Seeing double

It’s morning at the Mount Vernon soccer field. A forward sprints down the field to score a goal during practice. That same afternoon, an athlete bearing a striking resemblance to the soccer player sprints to catch a fly ball in the outfield at the nearby softball field.

Coincidence? No, it’s just another day for Rebecca Schumer, GW’s only two-sport athlete. As number five, Schumer adds to the soccer team’s speed and depth. As number seven, she adds a competitive fire to the softball team’s inaugural season.

Most athletes would agree playing one Division I college sport is a big commitment. So how does this ambitious freshman play two?

It’s Schumer’s athleticism, competitive edge and hard-working mentality, teammates say, that allow her to succeed in both sports.

“She’s a great athlete. Practicing against her competitive edge is good for all of the players,” softball teammate Elana Meyers said. “With her, every day is a competition. She’s so hard working and pushes everyone.”

Recruited by GW head soccer coach Tanya Vogel out of high school, Schumer never planned to play both sports at GW. Though she loved softball and would have liked to play in college, her heart was set on GW, which did not have a team at the time.

But GW added a softball program the summer before Schumer’s freshman year, and with some persuasion from classmate Meyers, the softball team’s sole recruit, Schumer spoke with head coach Leslie King Moore about playing for the team in its inaugural season.

“I was talking to (Moore) and her energy just shoots through you,” Schumer said. “I just couldn’t say no. I played in high school and I really wanted to play in college. It’s a great opportunity being a part of the first team here.”

Moore, who had been hired in the middle of the summer and lacked a recruiting class, was anxious for more athletes to join her squad. Because Schumer had played softball in high school and possessed more collegiate competition experience than anyone else on the team, Moore knew that she would be an asset both physically and mentally.

On the softball diamond, Schumer plays the outfield and her speed has earned her a position as a pinch runner. But above her athletic abilities, both Moore and Meyers say that her determination and hard work have helped on the inexperienced team.

“My team is all walk-ons, so I was in need of bodies and she was keen to play,” Moore said. “She has a lot of athleticism, she’s determined and she works hard. I like her competitiveness and her positive attitude.”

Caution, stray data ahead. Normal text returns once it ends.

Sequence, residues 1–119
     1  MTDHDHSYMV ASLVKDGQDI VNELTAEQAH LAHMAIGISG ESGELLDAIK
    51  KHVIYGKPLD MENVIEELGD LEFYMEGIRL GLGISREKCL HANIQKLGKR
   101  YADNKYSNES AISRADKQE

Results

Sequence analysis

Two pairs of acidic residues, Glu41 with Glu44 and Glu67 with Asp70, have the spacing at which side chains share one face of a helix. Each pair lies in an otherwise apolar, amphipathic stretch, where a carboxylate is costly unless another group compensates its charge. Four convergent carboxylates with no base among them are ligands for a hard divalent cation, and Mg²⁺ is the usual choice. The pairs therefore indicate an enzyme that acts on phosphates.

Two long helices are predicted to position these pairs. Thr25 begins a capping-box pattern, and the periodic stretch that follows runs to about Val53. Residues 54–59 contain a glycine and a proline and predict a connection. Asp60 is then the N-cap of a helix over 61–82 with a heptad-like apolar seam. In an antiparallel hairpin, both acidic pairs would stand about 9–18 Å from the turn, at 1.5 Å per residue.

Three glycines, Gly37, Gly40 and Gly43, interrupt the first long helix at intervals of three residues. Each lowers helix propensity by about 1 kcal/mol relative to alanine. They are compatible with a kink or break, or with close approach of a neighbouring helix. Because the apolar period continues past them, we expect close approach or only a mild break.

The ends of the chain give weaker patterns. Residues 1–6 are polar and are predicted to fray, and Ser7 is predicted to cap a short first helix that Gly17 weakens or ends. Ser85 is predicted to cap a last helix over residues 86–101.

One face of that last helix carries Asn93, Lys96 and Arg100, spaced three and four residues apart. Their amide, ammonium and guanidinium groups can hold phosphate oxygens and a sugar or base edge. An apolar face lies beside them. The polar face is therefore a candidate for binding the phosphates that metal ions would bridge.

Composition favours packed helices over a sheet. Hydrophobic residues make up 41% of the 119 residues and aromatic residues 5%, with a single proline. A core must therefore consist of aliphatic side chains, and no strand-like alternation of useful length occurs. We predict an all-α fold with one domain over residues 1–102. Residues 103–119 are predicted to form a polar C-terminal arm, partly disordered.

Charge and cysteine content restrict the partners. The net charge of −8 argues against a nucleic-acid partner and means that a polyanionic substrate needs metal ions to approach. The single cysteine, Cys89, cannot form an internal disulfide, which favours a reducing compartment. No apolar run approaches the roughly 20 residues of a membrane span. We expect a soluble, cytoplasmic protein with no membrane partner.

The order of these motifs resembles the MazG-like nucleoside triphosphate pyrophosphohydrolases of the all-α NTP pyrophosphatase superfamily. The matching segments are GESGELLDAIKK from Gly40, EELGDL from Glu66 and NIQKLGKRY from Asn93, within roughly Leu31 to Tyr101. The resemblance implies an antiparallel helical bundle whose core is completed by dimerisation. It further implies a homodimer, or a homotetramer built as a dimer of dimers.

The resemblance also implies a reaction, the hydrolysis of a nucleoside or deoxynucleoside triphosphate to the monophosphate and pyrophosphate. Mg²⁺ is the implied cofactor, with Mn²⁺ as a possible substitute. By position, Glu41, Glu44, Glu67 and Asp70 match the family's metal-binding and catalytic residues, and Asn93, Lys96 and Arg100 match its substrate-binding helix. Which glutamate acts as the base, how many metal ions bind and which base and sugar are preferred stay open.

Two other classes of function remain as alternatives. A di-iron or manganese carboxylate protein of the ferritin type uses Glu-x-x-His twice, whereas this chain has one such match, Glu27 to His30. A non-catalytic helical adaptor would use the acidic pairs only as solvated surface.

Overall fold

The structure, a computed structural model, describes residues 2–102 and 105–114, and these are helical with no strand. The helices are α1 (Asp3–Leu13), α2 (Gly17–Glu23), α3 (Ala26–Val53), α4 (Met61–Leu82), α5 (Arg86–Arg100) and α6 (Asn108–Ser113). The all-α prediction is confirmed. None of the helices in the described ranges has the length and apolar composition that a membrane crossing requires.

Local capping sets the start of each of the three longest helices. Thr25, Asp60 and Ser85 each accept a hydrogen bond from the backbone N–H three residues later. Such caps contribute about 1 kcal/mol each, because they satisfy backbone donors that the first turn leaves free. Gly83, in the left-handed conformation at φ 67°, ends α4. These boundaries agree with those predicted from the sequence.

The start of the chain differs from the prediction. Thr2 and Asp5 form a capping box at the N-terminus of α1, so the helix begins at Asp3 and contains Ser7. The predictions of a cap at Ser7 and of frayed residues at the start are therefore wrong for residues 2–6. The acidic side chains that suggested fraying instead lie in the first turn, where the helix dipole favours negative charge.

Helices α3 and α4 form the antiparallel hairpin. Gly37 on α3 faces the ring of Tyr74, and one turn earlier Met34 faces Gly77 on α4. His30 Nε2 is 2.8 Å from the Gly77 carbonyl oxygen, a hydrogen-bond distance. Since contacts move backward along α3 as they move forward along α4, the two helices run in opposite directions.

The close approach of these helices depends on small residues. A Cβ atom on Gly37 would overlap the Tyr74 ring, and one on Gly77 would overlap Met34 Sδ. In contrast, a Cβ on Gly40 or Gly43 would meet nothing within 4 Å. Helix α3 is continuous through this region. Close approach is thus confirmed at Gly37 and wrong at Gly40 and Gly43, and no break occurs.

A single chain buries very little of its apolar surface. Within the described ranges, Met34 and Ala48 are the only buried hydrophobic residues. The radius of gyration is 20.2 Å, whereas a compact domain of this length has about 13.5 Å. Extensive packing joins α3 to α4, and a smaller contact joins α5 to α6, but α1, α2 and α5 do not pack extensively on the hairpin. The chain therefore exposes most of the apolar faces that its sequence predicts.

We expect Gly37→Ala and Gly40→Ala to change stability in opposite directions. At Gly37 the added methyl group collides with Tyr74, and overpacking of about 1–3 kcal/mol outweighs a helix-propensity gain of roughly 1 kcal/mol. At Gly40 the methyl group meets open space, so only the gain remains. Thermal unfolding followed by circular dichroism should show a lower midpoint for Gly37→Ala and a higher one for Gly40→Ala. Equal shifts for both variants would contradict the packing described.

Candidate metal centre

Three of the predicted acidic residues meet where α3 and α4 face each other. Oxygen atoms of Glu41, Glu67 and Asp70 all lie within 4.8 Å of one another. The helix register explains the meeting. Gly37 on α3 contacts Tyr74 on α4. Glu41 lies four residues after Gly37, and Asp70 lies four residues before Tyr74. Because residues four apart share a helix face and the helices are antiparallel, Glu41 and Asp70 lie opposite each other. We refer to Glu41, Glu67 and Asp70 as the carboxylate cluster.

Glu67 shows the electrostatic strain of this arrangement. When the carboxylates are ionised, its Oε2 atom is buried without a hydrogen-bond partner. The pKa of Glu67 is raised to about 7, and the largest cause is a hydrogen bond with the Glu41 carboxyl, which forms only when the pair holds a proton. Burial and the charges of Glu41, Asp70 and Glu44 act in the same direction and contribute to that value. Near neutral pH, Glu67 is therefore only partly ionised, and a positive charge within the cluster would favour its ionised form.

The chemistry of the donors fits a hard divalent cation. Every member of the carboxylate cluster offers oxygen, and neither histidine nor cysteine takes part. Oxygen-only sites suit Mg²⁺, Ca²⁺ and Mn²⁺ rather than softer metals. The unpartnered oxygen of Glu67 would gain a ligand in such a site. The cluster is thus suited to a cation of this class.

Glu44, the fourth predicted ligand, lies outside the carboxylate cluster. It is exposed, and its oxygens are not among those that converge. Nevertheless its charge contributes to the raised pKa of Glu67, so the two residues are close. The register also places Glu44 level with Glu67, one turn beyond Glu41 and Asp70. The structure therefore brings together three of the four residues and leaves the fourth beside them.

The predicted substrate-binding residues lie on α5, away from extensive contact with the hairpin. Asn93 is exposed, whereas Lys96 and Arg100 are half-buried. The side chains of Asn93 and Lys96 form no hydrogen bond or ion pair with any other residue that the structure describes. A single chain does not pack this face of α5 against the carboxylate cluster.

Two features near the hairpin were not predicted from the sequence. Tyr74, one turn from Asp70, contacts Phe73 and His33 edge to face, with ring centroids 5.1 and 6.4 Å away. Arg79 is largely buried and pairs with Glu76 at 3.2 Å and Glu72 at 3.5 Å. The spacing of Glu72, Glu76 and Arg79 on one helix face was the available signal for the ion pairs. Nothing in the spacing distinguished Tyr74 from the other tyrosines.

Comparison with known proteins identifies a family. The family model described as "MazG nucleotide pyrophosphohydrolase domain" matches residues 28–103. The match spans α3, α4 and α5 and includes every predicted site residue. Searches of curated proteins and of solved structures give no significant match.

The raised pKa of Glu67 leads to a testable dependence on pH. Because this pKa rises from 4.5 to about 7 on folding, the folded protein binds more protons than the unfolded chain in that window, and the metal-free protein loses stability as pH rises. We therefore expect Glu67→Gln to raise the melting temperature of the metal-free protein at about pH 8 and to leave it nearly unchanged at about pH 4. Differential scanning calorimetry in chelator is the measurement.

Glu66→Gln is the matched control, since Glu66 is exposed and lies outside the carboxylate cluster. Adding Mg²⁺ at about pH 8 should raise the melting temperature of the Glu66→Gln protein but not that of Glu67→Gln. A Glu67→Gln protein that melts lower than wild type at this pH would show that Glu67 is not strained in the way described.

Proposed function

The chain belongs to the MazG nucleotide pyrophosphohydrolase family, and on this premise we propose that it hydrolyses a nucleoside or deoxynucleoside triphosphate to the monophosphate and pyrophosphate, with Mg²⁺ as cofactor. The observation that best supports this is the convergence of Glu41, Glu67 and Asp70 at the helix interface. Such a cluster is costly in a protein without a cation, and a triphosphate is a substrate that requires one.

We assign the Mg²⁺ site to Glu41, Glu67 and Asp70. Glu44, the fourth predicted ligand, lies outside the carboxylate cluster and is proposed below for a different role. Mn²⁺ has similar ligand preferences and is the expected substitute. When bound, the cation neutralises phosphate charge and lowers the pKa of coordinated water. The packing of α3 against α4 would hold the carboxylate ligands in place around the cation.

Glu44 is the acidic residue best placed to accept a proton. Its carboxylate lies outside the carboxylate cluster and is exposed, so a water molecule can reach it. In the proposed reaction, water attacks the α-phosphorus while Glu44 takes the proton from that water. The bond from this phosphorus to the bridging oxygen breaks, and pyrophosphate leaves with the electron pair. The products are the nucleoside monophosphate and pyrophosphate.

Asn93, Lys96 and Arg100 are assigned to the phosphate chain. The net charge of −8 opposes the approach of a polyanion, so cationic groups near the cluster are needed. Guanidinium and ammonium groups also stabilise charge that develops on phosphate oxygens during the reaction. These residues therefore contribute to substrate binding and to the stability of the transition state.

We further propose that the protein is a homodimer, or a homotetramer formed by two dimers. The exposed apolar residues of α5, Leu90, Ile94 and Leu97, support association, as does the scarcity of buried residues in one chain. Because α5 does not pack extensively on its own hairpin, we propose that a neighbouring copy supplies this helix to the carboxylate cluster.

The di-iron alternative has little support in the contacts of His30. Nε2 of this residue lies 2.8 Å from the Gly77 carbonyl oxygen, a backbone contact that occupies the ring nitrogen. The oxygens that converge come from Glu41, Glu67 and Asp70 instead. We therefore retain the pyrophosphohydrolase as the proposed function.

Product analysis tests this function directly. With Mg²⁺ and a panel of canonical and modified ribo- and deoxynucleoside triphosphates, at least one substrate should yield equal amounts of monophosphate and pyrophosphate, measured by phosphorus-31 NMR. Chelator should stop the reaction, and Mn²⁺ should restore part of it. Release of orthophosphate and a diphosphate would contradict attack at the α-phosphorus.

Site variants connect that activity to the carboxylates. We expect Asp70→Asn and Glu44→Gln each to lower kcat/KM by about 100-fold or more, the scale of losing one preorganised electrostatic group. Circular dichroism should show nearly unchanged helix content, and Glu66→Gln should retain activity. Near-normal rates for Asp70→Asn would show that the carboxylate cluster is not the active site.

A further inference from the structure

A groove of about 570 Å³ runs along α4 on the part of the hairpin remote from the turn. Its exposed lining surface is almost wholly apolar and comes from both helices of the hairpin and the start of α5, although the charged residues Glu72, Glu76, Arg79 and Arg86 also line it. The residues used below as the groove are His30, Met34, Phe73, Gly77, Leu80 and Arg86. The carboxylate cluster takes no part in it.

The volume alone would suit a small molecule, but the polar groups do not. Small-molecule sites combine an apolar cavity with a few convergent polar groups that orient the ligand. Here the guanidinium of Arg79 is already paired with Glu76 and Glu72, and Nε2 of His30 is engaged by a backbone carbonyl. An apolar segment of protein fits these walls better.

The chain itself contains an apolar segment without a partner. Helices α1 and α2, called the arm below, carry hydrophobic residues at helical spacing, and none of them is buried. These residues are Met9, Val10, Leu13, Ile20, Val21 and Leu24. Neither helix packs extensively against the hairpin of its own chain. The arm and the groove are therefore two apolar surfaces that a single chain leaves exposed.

Schumer said both of her coaches are supportive of her athletic endeavors and each makes it possible for her to split her time among the two. Although Vogel recruited her, Schumer said her soccer coach is in favor of her decision to play two sports and has been working with Moore to make her unique situation work.

“Sure, she sacrifices some of the individual gains that she would make during the spring season because she has to miss practice,” Vogel said. “But Becca is a diligent and committed athlete and will grow smarter and stronger because of her experience on another sports team. Her experience with different coaches and different athletes will only benefit our soccer team.”

Schumer’s priorities lie with whichever team is in season, with some exceptions. For example, she was allowed to travel with the soccer team to Europe during spring break while the softball team had games and practices.

It’s no surprise that Schumer has no free time. She leaves her room at 7:30 a.m. and doesn’t return until the evening. In between, she has soccer and softball practices, classes, lifting and study hall.

“I think what she’s doing is amazing,” Meyers said. “She’s a role model. Anyone who can pull a 3.0 and play two sports, it says a lot about her and her personality.”

Even weekends, which are breaks for other college students, are packed for Schumer. If she doesn’t have a softball game, she is competing with her soccer team in an off-season tournament.

For next year, Schumer’s coaches decided to have her concentrate on one sport a season instead of making her juggle both on a given day. Both coaches expressed concern over the toll playing two sports is taking on her body, since she has acquired a stress fracture and a shoulder injury.

“We’re going to lay off her in the non-traditional season,” Moore said concerning off-season workouts. “We want her to play both but it’s just a matter of how her body can cope. We want to do what’s in her best interest.”

When she’s not in her cleats, Schumer sports a supportive boot to try and heal the stress fracture, the result of a year’s worth of in-season competition. Despite the pain, she said that she will play as long as she can.

“I could be on crutches and in a wheelchair and I’d still have no regrets about what I’m doing now,” Schumer said. “I can’t imagine what I’m going to do next year, but I’ll do whatever I can do to prepare myself.”

Vogel said with a year of experience under her belt, her new training schedule and a less rigid soccer schedule, Schumer will be even better at both her sports next year. But Schumer is just taking it one day at a time.

“Never in my life did I imagine that I would be playing two Division I sports,” she said. “I just want to take advantage of it while I can, because when I look back on this, I want to say ‘wow, look what I did.'”

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